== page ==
Another month, another drop.
If you thought rising rates would have a temporary cooling effect on the housing market – well, time to rethink. Looks like ‘temporary’ is turning into a bonafide trend.
Amid this unpredictability, Canadian home buyers can look to our AI-powered real estate platform to track the housing trends. This time around, we’re looking at how much Metro Vancouver home prices have dropped in June.
It’s more good news for buyers, but not so much for sellers. Last month, medians* dipped a further two per cent from May. Averages for all property types have slid 13.5 per cent since February. But certain municipalities stand out.
Metro Vancouver municipalities see median* home prices drop significantly.
Leading the way is Delta, with median* home prices dropping 28.3 per cent since February. Surrey and Maple Ridge aren’t far behind, down 23.4 per cent and 23.2 per cent respectively.
In Delta, the average price for all property types fell to $1.165M, down from a 15-year high of $1.625M in February. In Surrey, median* prices went from $1.1M in February to $843K in June. In Maple Ridge, the average went from $1.25M to $960K.
“Median prices have been dropping consistently and considerably since the Bank of Canada started hiking interest rates earlier this year,” says Hao Li, a Vancouver-based broker with HouseSigma.
“We’re in a market where buyers are feeling emboldened. More and more buyers are holding the upper hand in real estate transactions, sensing that there’s an opportunity here to successfully negotiate with sellers for a lower purchase price.”
How Metro Vancouver’s overall real estate market is shaping up
In BC’s cooling real estate market, potential home sellers may be wondering how much their property is worth. The numbers are not in their favour.
“The dropping percentages are drastic, but remember that we’re still in correction-mode,” explains Li. “During the pandemic, interest rates were at an all time low, and there was a real estate buying frenzy. It led to over-inflated home prices.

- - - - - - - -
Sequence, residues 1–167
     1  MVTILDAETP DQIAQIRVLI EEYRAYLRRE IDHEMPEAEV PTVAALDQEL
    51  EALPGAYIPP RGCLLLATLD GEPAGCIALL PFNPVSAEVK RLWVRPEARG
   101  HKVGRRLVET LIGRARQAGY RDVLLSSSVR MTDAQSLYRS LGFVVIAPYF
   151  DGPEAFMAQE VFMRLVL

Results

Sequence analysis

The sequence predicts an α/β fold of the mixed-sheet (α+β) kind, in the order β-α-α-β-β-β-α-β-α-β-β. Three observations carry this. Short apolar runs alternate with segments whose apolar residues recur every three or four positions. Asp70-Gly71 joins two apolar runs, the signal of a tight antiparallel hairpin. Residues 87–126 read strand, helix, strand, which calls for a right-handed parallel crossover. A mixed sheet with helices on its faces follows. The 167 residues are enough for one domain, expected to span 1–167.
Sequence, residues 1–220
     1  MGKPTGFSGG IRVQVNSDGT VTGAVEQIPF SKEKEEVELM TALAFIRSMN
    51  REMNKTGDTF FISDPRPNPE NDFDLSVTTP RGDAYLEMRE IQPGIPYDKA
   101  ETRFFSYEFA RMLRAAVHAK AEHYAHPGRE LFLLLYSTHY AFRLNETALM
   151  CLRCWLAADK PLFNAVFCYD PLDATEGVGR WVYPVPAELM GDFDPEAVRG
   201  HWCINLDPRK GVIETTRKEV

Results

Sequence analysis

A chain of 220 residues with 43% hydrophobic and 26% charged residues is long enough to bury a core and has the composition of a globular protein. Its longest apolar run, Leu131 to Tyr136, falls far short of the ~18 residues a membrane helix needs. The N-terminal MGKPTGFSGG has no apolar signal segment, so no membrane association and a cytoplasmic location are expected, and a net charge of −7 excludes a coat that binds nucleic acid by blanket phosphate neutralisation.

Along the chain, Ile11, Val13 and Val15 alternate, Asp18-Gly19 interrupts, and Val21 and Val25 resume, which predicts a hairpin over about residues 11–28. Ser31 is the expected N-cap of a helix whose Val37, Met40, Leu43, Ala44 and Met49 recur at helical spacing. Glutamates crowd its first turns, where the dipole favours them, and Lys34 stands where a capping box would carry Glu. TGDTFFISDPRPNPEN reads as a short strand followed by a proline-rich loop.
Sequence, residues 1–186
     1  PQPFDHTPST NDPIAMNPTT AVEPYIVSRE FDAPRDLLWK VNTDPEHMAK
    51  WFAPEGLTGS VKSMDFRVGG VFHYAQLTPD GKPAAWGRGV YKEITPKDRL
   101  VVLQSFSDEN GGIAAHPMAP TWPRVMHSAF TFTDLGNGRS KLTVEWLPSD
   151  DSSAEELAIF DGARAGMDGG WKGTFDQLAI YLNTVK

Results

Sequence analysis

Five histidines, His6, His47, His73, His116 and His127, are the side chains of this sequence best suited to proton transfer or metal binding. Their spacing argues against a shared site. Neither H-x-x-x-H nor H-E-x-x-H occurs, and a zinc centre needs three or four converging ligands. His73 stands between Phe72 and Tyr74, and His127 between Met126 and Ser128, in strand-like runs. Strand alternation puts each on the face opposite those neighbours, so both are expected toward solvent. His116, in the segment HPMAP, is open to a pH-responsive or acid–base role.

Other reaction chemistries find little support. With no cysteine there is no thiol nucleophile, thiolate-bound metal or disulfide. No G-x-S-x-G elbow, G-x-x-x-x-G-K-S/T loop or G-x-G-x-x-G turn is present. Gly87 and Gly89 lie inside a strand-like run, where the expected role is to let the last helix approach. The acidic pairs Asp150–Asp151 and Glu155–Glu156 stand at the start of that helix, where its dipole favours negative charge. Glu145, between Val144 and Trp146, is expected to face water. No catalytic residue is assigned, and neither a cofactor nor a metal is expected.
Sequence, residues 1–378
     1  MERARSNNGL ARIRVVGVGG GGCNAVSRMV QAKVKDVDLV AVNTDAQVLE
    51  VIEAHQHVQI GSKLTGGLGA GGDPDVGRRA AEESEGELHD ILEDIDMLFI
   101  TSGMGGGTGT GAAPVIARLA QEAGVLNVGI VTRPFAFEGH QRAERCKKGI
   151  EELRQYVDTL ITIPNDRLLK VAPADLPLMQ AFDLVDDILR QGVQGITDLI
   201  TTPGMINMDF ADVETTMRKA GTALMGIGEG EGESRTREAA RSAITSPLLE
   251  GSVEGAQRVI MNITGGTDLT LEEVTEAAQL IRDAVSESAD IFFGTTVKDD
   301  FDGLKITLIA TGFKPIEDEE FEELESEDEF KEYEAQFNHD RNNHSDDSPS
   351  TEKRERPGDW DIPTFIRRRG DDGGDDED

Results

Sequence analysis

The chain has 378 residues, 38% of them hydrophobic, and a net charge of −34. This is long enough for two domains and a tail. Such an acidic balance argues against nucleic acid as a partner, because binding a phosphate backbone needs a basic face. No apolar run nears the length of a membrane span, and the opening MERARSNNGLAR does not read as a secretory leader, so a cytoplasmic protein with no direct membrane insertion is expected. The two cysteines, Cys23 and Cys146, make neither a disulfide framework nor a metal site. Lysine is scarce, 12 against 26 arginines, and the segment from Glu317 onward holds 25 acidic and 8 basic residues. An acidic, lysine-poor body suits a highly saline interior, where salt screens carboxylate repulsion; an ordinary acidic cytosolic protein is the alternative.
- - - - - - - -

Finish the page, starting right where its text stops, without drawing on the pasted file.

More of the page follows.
“The year over year percentage nearing zero means we’re approaching June 2021 prices. Most would still consider those prices high and unaffordable.”
So far, Metro Vancouver median* prices for all property types have dropped from $1.028M in February to $889K in June.
Year over year though, median* prices in Metro Vancouver are still up, but just 0.5 per cent.
In June 2021, the median* price for all properties averaged $885K. In June 2022, the average was $889K.
Bank of Canada may hike rates again
Canada is doing what it can to stem the tide of inflation. The Bank of Canada has been systematically raising rates since March, and it’s due to meet again July 13.
It’s widely expected that BoC will raise the rate once more at that meeting. Canada’s inflation stands at 7.7 per cent, the highest it’s been since 1983. Back then, the overnight lending rate was close to 10 per cent. The current lending rate is a mere fraction of that, at 1.5 per cent.
“A July interest rate hike could potentially dial back Metro Vancouver home prices to pre-pandemic levels. It all depends on how aggressive the Bank of Canada is willing to go with rates to battle inflation,” adds Li.
*Median home price is the midpoint of sales prices where an equal number of properties were sold above and below this sales price; whereas Benchmark home price is the estimate of the value of a “typical” home in a community, based on the most popular combination of features, e.g., age, size, number of bedrooms and bathrooms.
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